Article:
MENTION NEED TO LISTEN SEVERAL TIMES ALSO THE FAKE WALTZ EFFECT

OGG files are compressed, but often easier to access online:[14]

WAV files for these intervals are shown below:

The parity condition

Periodicity of the phase between two notes in a musical interval can be ascertained by time shifting one note.

Phase beats will occur even if both notes in the interval are pure tones (i.e., have no harmonics.) If humans can detect phase beats, they would mimic amplitude beats among the lowest matching harmonic (${\displaystyle i=1}$) if both ${\displaystyle p}$ and ${\displaystyle q}$ have odd parity. For most familiar intervals, one of the integers have even parity. It might not be not known whether humans would perceive these beats as due to only the second matching harmonic (${\displaystyle i=2}$) both harmonics (${\displaystyle i=1}$ and ${\displaystyle i=2}$.) The question is whether humans perceive a signal to be identical to its inverse.

Biological Synchronization

Human hearing from eardrum to cochlea to inner ear to brain. For a more accurate sketch see File:Ear-anatomy-text-small-en.png
• W:Auditory cortex: The right auditory cortex has long been shown to be more sensitive to tonality (high spectral resolution), while the left auditory cortex has been shown to be more sensitive to minute sequential differences (rapid temporal changes) in sound, such as in speech
• Lits&Stone:[2] Devil's staircase figure. Neurons cannot fire at rates much beyond a kilohertz.
• w:Neurotransmission#Convergence_and_divergence. wikt:white lie. The brain is neither analog nor digital, but works using a signal processing paradigm that has some properties in common with both. ... the signals sent around the brain are "either-or" states that are similar to binary. A neuron fires or it does not. These all-or-nothing pulses are the basic language of the brain. So in this sense, the brain is computing using something like binary signals.forbes.com (quora)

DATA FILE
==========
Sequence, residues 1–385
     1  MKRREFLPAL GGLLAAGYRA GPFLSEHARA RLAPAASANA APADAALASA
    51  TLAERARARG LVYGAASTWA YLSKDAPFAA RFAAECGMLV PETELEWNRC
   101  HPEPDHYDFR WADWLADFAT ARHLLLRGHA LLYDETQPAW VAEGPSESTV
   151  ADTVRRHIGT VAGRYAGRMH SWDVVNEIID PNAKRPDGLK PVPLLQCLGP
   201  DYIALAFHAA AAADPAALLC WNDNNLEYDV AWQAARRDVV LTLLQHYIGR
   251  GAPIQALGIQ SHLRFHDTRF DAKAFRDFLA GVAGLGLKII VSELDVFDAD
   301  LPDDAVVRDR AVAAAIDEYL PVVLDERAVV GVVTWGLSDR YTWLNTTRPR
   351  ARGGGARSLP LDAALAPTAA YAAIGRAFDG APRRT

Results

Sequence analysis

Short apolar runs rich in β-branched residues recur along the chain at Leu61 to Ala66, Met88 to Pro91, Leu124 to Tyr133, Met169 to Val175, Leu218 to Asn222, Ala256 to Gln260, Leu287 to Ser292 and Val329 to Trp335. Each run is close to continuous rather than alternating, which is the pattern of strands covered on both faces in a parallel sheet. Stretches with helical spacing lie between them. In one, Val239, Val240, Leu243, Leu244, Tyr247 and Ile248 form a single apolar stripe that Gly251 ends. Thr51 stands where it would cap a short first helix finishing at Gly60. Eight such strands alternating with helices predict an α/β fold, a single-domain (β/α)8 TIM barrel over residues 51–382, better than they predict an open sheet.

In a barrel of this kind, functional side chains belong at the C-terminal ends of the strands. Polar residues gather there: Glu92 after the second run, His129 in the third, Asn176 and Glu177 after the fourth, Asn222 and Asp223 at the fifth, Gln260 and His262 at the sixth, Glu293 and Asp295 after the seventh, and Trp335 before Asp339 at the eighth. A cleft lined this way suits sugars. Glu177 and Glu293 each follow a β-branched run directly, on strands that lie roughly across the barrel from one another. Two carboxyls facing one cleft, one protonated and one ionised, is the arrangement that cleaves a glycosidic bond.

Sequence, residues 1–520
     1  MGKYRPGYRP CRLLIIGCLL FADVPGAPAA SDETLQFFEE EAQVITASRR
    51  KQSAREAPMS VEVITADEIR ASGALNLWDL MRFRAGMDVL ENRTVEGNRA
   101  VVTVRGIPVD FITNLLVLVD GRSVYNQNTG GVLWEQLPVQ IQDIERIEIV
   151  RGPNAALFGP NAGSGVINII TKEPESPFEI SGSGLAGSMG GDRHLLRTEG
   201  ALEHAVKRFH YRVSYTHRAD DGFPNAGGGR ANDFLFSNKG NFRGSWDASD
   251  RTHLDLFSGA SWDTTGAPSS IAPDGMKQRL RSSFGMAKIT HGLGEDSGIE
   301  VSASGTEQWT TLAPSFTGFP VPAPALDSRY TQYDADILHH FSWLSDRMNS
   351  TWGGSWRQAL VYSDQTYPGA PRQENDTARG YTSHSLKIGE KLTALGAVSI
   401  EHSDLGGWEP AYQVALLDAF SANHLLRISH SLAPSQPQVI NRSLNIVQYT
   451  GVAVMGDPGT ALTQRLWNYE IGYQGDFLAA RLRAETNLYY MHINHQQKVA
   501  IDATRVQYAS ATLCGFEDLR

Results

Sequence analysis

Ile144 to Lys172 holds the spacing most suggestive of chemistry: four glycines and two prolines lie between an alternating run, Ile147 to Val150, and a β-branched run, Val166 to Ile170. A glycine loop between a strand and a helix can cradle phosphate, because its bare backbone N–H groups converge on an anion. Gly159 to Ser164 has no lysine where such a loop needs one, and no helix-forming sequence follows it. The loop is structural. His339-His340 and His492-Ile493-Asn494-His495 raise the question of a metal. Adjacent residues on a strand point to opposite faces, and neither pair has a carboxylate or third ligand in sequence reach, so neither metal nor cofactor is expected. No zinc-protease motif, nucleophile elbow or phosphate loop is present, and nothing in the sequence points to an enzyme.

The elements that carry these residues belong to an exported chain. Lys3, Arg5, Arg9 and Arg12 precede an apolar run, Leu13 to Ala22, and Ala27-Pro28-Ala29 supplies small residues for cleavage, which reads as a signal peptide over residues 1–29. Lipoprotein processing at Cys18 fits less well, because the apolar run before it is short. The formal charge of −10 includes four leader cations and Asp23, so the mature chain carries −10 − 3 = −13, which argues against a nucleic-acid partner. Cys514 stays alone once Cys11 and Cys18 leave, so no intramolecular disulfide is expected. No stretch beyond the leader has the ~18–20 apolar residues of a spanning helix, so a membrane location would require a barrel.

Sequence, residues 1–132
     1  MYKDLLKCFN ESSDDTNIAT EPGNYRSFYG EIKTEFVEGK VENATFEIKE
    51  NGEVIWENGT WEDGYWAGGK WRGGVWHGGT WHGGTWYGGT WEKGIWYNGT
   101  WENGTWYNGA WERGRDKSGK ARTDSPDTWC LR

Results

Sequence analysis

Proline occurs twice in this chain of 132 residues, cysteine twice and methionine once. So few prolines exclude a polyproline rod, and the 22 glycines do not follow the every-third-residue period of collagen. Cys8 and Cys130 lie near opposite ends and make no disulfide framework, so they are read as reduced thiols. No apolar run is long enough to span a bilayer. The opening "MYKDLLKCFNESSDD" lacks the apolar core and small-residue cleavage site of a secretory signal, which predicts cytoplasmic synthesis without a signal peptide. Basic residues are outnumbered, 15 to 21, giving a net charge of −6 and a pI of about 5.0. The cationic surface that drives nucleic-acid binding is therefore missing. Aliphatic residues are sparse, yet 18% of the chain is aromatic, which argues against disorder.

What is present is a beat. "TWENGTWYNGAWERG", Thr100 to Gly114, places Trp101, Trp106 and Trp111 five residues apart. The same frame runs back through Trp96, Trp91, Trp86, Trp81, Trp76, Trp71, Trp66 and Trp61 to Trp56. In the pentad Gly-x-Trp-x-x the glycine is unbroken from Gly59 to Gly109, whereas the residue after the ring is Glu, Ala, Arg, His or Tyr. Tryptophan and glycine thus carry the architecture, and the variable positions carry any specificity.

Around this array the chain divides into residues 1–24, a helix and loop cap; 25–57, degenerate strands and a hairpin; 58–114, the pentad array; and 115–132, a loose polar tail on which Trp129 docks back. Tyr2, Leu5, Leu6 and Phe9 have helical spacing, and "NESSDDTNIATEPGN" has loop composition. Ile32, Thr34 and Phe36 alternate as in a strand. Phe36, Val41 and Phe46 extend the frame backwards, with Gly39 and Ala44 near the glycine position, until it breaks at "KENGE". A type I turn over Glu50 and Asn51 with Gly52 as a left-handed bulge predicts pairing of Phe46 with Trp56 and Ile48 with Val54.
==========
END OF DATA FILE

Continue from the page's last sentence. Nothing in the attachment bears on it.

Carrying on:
THEMES: Neurological spikes not sine waves ... trianguar waves.. Two analogs: Metronomes and circuits. Both are odes. Reference Beats (acoustics) on Wikiversity.

My humnan ear pictuer: Brain as spectral analyzer. Both sides listen to both ears. Does Wikipedia separate the left and right sides? Nobel prize?

Purpose of physics is to predict, not explain (half truth).

Does math explain the 7/5 and 10/7 effect?

For modelling simplicity, firing frequencies may be the same as the driving frequencies, but in reality may be scaled-down versions of them, since neurons cannot fire at rates much beyond a kilohertz.[2]

Acknowledgements

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Competing interests

Any conflicts of interest that you would like to declare. Otherwise, a statement that the authors have no competing interest.

Ethics statement

The following passage was lifted from Institutional review board (Wikipedia). It emphasizes policy in the United States. For a worldwide perspective, see Ethics committee (Wikipedia).

An Institutional Review Board (IRB) is a committee that applies research ethics by reviewing the methods proposed for research to ensure that they are ethical. Such boards are formally designated to approve (or reject) behavioral research involving humans. Certain research categories are considered exempt from IRB oversight. One such category is research in conventional educational settings. Generally, human research ethics guidelines require that decisions about exemption are made by an IRB representative, not by the investigators themselves.

Editorial scrapbook

references and websites